Preventive decompression of muscle compartments

After severe soft tissue injury, excessive swelling may be expected in the affected muscle compartments. This is due to local hemorrhage as well as increased capillary permeability. Since the fascial structures surrounding each compartment are rigid, an increase in compartmental volume leads to increased pressure, which eventually results in shutdown of capillary perfusion with subsequent necrosis. In the polytraumatized patient, this development is enhanced when arterial pressure is decreased or (local) venous pressure is increased. In addition, while elevation of the affected extremity decreases edema, traction on the affected extremity may increase compartmental pressure. Early clinical signs and symptoms of a developing compartment syndrome include paresthesias, although they may go unnoticed in the polytraumatized patient who is unable to communicate.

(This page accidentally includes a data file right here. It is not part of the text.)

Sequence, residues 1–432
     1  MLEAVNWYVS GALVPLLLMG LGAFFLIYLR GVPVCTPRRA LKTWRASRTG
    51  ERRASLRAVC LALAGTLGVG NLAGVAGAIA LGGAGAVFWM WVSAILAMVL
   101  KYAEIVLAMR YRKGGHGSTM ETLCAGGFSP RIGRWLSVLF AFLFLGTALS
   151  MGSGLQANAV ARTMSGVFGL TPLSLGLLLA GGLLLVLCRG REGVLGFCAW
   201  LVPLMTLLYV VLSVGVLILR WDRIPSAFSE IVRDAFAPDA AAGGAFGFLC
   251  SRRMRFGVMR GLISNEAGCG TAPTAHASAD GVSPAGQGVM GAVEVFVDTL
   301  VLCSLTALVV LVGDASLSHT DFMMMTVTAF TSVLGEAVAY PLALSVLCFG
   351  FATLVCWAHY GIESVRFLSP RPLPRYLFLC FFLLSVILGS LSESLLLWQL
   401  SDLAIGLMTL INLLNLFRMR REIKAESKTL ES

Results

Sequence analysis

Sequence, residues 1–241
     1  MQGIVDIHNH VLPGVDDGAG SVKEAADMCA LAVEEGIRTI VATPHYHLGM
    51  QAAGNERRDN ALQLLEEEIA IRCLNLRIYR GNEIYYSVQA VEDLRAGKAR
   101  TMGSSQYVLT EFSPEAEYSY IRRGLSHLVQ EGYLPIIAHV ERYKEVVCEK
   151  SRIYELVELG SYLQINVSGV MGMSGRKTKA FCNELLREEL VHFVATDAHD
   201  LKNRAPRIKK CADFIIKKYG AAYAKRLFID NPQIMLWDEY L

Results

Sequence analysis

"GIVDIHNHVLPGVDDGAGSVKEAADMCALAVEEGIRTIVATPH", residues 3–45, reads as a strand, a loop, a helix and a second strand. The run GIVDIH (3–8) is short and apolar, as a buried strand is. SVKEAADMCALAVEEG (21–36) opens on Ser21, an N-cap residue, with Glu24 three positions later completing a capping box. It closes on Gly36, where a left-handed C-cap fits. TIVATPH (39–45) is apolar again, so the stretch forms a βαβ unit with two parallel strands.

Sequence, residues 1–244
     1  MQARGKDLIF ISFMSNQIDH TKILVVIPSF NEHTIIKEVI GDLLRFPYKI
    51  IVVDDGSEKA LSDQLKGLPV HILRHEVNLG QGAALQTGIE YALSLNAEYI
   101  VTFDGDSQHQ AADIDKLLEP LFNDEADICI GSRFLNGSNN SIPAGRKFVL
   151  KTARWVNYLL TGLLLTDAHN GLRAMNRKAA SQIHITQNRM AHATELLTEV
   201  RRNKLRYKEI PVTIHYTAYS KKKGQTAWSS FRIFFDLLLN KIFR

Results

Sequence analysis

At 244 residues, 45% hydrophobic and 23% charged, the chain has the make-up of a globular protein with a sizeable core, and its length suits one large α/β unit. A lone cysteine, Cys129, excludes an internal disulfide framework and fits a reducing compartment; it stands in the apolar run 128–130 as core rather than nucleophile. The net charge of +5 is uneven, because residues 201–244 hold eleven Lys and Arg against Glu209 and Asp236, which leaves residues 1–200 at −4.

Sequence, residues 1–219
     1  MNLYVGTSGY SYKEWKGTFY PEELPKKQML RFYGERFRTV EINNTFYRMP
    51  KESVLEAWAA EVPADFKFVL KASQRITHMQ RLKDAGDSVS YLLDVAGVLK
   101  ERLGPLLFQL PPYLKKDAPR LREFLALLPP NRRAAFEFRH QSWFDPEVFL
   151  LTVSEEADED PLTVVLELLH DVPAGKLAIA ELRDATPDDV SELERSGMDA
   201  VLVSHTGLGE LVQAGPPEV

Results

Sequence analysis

Compartment pressures can be measured using a specialized instrument or an arterial line set-up. Pressures above 20 mmHg require close observation, and pressures over 30 mmHg require fasciotomy. A knowledge of the various compartments is necessary; for example, all four compartments of the lower leg must be measured and surgically addressed if necessary.

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